The True Measure of a Successful Podcast

How do you measure your podcast’s success? Well, that’s a tricky question, really. Some of you would probably say if you’ve reached a million downloads or if you’ve published 1000 episodes. Those goals and aspirations for a podcast are great. But sometimes, we become so obsessed with statistics and all these numbers, and real goals becomes secondary. Sometimes podcasting just end up as a numbers game, much like a basketball. Whoever gets the highest score, wins. Don’t get me wrong, a million downloads is a million downloads, and who doesn’t want to have that number up on his sleeves?

But if you look at it on another angle, the success of a podcast is not just about the numbers. It’s really about your listeners. Come on, you don’t just talk and record your episode for yourself (unless you have narcissistic tendencies). You are podcasting for a target audience. Your avatar. You are podcasting to communicate to someone. And with every word that you utter, every sentence that you speak, it should have it’s intended goal of reaching out to that person you have in mind. There has to be the connection, whether it’s to inspire, educate, encourage someone into action, your podcast and my podcast is there for that target audience in mind.

If you ask me personally what my criteria of a successful podcast is, I wouldn’t have second thoughts to say that one of the major component of a successful podcast is measured by the number of podcast reviews you receive. Podcast reviews reflect a lot about you and your audience. No matter how great, or how narcissistic you have become in your podcast, your listeners know and the reviews will tell. It’s also your podcast reviews that gives you a chance to grow and mature as podcaster. Not to mention, it will also give you a hint if you’ve really reached your intended audience.

And that’s what really makes it very important to ask your listeners to leave you a review. Whether it’s an iTunes review if they’re on iOS or a Stitcher review for those who are using Android devices, you must make it easy and simple for them to do it. Rachel Rofe wrote some great tips to get more podcast reviews and I’d highly recommend that you check it out.

Here are some thoughts I have when you’re looking at reviews of your podcast;

You can’t please everyone.

Remember that your show is intended for a specific audience, and therefore, you can’t please everyone who listens to it. Sometimes it’s not really your bad, but the listener is just listening to a show that’s not really intended for them.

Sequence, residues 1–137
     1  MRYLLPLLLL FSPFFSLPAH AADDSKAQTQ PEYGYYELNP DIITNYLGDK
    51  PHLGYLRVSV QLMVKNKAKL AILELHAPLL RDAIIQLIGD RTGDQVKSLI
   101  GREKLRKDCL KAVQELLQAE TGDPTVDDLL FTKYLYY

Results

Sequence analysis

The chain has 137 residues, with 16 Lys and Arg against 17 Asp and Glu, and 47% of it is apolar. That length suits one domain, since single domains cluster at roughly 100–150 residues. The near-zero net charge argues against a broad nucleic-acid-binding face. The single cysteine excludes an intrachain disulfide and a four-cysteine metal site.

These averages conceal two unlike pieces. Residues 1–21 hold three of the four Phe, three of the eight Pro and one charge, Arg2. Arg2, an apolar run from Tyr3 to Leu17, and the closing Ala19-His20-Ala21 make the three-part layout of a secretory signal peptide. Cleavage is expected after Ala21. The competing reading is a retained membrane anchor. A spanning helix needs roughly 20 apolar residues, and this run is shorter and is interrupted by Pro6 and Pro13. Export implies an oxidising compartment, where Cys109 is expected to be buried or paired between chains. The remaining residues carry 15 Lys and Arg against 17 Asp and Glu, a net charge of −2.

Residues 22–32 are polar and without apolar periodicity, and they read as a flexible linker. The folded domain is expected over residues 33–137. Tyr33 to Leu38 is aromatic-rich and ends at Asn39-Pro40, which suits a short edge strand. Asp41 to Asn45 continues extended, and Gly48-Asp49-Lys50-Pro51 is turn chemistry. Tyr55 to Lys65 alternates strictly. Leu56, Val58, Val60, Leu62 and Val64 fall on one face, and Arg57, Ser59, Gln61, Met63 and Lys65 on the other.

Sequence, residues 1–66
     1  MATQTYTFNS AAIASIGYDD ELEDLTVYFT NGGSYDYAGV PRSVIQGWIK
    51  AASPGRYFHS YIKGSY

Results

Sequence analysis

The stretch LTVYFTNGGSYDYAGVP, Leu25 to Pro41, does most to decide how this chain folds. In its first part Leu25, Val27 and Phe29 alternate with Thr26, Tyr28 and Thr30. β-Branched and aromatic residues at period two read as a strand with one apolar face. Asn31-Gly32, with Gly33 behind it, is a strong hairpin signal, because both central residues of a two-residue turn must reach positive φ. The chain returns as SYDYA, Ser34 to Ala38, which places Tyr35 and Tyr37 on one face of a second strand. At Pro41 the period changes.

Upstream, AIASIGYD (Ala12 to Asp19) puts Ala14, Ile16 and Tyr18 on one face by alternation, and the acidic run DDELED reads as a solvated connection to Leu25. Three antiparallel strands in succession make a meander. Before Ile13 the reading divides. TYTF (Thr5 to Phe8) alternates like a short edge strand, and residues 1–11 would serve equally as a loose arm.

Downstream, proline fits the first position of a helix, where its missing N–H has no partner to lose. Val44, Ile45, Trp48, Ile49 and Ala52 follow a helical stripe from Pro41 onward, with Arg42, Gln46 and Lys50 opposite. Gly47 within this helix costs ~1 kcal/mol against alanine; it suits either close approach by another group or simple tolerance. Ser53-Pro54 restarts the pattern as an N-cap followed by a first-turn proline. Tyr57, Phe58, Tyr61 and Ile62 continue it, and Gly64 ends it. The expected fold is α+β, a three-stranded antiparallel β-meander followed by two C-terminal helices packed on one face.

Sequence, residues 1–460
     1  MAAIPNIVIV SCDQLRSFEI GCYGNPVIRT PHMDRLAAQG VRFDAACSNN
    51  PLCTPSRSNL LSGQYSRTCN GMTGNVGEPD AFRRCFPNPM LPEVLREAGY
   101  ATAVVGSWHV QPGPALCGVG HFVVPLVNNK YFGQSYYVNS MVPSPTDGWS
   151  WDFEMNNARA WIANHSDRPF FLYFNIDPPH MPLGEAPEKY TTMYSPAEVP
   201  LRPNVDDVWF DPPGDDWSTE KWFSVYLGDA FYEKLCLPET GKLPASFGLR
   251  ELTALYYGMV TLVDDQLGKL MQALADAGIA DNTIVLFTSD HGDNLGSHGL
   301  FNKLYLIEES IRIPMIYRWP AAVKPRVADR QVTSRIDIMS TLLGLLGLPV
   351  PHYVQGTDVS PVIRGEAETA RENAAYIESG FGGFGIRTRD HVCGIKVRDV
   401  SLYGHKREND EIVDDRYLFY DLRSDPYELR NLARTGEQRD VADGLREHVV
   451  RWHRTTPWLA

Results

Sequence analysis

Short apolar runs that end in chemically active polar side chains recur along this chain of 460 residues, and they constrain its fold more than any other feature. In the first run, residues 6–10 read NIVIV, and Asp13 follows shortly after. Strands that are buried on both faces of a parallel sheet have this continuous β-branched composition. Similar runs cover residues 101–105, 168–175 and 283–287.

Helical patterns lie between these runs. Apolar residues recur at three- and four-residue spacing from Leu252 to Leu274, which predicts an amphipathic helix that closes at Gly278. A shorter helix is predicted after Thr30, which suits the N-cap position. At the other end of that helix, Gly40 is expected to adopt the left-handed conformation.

Bad podcast reviews teach you how to be good.

Have you received a review telling you how tired they were listening to your “you know’s” and ahh’ and uhhmms? Well, let’s face it, that can be really annoying. So take it in a positive light and learn how to get rid of those fillers and mannerisms. If you’ll go bitter on that kind of review (an honest review) then it’s to your own detriment.

The worst podcast reviews are those that you pay for

Don’t go the desperate way of paying for a podcast review. You are fooling nobody but yourself.

You’re not reviewed for the effort of podcasting but for the quality of your podcast

I’m a podcast editor and I manage multiple podcasts and I know how difficult it can be for some of my clients  to juggle between family, doing the interviews, all the effort and the expenses behind a podcast. And when we receive that one star review, it just seems unfair. Don’t they understand how difficult it is to get one episode all prep and ready to publish? Unfortunately, it’s not the effort that counts, it’s the quality.

There are now hundreds of thousands of podcasts on iTunes and there’s no stopping to it. Everyday, podcasters are competing for ears. How are you using those reviews of your show to your advantage?

It’s your turn, when do you consider your podcast a success?

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2016-01-27T07:55:00+00:00

About the Author:

I'm a Bible believing Christian, a full time freelancer, budding entrepreneur, and an aspiring photographer. Over the past four years, I've submitted almost two hundred podcasts to iTunes. and that number continues to soar. I've worked with both great and small podcasters who wanted to make a change in the world, one episode at a time.